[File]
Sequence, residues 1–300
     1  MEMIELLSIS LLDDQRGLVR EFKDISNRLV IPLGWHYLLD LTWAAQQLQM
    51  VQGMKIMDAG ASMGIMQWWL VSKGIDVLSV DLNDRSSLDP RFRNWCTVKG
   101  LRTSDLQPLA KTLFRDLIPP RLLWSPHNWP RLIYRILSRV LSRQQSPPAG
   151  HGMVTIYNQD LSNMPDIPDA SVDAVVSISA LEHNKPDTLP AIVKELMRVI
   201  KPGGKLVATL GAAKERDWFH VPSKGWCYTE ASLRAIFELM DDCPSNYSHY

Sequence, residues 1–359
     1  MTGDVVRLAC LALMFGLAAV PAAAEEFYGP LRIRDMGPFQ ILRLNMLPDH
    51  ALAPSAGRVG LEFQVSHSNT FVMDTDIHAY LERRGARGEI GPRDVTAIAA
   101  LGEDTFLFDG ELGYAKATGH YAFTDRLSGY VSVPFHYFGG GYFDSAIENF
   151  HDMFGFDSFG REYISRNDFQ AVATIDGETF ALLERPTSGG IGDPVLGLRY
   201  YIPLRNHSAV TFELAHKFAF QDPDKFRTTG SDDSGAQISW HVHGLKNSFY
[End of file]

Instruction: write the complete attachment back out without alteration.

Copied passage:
Sequence, residues 1–300
     1  MEMIELLSIS LLDDQRGLVR EFKDISNRLV IPLGWHYLLD LTWAAQQLQM
    51  VQGMKIMDAG ASMGIMQWWL VSKGIDVLSV DLNDRSSLDP RFRNWCTVKG
   101  LRTSDLQPLA KTLFRDLIPP RLLWSPHNWP RLIYRILSRV LSRQQSPPAG
   151  HGMVTIYNQD LSNMPDIPDA SVDAVVSISA LEHNKPDTLP AIVKELMRVI
   201  KPGGKLVATL GAAKERDWFH VPSKGWCYTE ASLRAIFELM DDCPSNYSHY

Sequence, residues 1–359
     1  MTGDVVRLAC LALMFGLAAV PAAAEEFYGP LRIRDMGPFQ ILRLNMLPDH
    51  ALAPSAGRVG LEFQVSHSNT FVMDTDIHAY LERRGARGEI GPRDVTAIAA
   101  LGEDTFLFDG ELGYAKATGH YAFTDRLSGY VSVPFHYFGG GYFDSAIENF
   151  HDMFGFDSFG REYISRNDFQ AVATIDGETF ALLERPTSGG IGDPVLGLRY
   201  YIPLRNHSAV TFELAHKFAF QDPDKFRTTG SDDSGAQISW HVHGLKNSFY